How to Make a Less Toxic, More Sustainable Surfboard

The great irony in the sport of surfing is that the process of making a surfboard puts a great deal of strain on the environment. The various chemicals and materials used to assemble boards, leashes, and wetsuits end up polluting the waterways and defiling the very beaches that surfers rely on. A number of organizations and companies are dedicated to reversing this trend through something called the Ecoboard project. The certification program establishes manufacturing and sourcing guidelines that let people create boards that are gentler on the oceans and perform as well as traditional surfboards. One such company is Firewire Surfboards. We’re joined on today’s show by Firewire CEO Mark Price to talk about ecoboards, sustainability, and surfing in general. …

iTunes Is Dead. Let’s Pay Our Respects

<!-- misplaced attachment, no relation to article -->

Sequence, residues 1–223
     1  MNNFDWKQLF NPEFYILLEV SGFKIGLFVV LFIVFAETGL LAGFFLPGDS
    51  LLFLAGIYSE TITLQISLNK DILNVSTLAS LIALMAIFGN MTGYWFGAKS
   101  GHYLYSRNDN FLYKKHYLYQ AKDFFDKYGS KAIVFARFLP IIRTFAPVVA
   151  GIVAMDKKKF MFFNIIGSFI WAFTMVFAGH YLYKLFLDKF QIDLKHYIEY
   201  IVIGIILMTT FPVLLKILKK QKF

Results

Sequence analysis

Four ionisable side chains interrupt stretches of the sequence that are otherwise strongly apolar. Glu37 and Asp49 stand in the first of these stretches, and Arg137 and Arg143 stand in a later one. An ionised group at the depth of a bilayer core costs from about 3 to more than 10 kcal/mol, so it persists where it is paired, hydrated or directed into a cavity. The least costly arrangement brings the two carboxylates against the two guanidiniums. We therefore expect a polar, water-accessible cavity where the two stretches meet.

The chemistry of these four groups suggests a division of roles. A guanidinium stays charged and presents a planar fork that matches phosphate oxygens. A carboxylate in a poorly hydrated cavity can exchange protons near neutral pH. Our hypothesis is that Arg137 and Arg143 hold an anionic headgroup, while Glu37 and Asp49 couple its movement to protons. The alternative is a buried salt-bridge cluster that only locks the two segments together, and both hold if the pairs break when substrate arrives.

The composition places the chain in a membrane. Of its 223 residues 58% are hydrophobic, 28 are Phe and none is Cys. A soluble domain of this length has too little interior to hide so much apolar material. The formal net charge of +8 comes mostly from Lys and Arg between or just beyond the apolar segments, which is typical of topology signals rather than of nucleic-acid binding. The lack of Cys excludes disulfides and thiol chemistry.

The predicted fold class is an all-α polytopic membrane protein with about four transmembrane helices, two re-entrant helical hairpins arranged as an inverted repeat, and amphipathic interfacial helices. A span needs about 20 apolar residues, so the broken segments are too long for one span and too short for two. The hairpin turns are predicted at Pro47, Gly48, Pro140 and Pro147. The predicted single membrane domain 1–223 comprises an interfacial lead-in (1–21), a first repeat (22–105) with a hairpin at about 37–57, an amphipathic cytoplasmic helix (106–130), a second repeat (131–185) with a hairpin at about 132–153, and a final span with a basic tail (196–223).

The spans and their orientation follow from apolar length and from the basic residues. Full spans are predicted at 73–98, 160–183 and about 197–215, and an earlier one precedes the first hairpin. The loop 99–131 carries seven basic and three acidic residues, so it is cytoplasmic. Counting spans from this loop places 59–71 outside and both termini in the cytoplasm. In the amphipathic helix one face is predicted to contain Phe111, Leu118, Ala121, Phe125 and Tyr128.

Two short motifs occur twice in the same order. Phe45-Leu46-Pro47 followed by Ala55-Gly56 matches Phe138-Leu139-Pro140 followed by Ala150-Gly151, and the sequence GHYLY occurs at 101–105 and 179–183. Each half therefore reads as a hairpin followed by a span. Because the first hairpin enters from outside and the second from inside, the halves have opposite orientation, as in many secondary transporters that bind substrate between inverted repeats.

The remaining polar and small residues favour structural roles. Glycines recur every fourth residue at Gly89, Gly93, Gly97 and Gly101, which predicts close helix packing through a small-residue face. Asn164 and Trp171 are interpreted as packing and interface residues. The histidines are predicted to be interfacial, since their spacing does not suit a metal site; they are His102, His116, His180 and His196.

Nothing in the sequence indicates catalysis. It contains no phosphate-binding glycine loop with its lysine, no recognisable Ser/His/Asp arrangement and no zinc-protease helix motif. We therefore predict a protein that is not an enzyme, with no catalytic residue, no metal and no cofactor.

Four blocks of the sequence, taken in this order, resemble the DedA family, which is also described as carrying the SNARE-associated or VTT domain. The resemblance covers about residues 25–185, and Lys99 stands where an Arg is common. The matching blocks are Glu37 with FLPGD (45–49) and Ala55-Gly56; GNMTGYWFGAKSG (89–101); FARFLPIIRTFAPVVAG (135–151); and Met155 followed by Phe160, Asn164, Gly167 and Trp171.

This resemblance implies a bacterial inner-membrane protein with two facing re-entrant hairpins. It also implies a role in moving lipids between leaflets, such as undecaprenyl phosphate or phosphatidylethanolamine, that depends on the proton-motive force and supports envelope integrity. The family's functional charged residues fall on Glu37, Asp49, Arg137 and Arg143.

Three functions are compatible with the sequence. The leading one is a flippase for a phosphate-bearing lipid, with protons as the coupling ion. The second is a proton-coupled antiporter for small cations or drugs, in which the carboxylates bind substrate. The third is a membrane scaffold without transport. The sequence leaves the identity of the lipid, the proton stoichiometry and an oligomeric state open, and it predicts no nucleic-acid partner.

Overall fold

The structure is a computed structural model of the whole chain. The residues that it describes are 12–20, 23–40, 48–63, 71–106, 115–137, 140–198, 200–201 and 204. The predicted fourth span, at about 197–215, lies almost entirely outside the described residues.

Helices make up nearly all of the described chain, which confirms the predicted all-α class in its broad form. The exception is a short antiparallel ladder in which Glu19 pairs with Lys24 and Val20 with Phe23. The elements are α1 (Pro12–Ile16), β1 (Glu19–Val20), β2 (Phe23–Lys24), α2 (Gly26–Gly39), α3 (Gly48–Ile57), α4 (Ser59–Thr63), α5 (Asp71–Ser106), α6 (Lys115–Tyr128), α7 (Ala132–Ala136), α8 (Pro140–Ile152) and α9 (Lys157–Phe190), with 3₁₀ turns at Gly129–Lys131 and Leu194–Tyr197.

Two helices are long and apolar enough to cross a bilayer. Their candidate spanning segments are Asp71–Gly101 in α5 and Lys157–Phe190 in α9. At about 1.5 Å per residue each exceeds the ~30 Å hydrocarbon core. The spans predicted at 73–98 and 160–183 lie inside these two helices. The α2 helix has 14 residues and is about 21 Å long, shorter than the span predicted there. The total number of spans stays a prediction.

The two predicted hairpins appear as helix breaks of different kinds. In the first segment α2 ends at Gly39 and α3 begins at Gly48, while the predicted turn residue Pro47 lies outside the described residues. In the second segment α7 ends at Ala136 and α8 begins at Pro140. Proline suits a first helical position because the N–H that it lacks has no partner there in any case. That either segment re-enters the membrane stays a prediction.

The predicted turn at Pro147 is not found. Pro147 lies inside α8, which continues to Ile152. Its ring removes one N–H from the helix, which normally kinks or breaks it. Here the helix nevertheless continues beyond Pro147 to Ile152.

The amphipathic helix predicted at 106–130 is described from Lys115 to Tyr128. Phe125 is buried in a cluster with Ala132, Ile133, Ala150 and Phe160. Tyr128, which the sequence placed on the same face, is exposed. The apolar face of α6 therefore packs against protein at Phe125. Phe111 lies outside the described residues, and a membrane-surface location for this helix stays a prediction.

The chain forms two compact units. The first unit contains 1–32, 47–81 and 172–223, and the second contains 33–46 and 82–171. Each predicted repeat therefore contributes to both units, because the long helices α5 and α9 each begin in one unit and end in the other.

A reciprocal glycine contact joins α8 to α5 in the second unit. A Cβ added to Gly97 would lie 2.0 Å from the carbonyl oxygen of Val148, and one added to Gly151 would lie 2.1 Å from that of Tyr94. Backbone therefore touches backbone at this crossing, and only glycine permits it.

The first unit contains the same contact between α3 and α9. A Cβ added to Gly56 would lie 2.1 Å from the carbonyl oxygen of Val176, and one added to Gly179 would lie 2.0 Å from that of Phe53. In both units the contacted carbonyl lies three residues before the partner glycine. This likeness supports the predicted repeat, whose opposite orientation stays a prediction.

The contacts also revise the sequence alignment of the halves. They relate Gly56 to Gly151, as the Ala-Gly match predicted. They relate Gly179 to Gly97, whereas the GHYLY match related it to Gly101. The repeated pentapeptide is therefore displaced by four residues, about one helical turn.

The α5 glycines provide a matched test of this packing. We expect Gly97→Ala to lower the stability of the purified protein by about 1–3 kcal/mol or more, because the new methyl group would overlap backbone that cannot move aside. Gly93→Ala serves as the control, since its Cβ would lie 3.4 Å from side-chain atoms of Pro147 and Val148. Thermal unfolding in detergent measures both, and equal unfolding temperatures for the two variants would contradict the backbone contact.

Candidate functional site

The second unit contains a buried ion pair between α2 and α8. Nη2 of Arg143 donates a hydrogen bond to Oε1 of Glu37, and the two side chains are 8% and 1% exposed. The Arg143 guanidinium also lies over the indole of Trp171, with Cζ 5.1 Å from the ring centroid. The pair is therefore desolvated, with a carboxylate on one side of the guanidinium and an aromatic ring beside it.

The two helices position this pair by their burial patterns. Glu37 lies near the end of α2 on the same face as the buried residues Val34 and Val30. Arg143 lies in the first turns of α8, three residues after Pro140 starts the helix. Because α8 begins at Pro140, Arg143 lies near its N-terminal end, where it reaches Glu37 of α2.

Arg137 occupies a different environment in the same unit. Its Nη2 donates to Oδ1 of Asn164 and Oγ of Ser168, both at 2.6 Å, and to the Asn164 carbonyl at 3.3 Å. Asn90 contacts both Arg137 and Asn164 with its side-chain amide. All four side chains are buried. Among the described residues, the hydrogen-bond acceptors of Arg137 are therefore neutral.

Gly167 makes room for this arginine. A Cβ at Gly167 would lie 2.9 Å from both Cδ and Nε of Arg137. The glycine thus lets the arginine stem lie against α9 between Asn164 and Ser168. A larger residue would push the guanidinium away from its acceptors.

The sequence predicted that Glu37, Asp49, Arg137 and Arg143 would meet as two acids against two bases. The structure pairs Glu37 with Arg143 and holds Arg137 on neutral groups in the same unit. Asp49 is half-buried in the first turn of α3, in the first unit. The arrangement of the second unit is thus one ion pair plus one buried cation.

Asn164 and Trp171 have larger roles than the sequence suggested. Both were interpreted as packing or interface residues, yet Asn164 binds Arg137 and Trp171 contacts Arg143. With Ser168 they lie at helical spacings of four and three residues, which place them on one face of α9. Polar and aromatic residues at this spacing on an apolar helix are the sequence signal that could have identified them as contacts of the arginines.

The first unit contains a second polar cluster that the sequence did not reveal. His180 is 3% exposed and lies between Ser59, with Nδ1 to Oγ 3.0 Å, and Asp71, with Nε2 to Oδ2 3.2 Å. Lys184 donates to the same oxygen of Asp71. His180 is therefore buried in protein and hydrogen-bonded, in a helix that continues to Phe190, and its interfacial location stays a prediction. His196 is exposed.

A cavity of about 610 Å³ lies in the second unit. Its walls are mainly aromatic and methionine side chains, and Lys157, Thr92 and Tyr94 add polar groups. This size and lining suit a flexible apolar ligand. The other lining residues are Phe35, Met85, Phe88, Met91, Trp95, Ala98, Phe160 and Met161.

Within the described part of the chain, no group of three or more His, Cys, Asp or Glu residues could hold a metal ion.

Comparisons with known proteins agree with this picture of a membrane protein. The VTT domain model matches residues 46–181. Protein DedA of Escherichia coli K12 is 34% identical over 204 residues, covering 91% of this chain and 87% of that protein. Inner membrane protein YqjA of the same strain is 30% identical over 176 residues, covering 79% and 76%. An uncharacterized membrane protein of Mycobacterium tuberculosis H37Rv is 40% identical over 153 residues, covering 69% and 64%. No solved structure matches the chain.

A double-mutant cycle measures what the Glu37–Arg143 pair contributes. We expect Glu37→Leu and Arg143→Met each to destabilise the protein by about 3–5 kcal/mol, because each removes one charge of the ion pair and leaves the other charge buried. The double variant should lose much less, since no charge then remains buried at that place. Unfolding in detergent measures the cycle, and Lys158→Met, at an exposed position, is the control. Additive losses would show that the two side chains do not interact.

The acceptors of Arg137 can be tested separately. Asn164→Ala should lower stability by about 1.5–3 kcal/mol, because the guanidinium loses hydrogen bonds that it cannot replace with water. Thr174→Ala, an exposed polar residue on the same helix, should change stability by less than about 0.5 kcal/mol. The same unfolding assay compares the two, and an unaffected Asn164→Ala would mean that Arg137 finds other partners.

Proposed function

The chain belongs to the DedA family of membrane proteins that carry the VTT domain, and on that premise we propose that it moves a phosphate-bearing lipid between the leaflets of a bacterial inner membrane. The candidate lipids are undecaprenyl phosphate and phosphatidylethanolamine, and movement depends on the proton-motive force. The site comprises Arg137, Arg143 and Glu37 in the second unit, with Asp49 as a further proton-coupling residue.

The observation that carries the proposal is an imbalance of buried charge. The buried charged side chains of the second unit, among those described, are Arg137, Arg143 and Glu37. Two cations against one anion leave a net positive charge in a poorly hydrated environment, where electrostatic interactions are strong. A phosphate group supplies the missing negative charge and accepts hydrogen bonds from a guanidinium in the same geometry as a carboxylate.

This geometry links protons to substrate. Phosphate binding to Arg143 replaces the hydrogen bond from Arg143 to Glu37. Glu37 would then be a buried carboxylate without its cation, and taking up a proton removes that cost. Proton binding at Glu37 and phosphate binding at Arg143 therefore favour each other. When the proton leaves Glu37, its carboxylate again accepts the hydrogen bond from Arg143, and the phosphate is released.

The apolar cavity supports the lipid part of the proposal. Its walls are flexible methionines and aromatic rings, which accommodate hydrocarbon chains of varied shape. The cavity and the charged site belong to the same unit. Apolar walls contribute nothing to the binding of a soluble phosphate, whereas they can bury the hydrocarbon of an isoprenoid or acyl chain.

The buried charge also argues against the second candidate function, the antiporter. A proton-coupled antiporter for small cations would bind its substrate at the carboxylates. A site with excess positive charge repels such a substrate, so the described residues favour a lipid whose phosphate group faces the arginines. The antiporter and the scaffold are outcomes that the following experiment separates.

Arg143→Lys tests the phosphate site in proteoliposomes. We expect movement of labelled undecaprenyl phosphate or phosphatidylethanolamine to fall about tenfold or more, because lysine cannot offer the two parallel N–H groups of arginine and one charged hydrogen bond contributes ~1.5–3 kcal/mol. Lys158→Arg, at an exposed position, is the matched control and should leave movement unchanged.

At Apple’s Worldwide Developers Conference today, Apple executive Craig Federhigi made it official: iTunes is dead on the Mac, split in the upcoming version of macOS into separate Music, Podcast, and TV apps. In truth, the much-maligned media player had already been buried years ago, crushed by nearly two decades of cruft. But hating on iTunes at this point makes for cheap sport; WIRED’s been at it since at least 2008. It seems more fitting, at the time of its demise, to consider its powerful legacy. In January 2001, at the Macworld Expo in San Francisco, Steve Jobs described a tectonic shift in the types of devices people use and how they interact with them. “We think the PC is …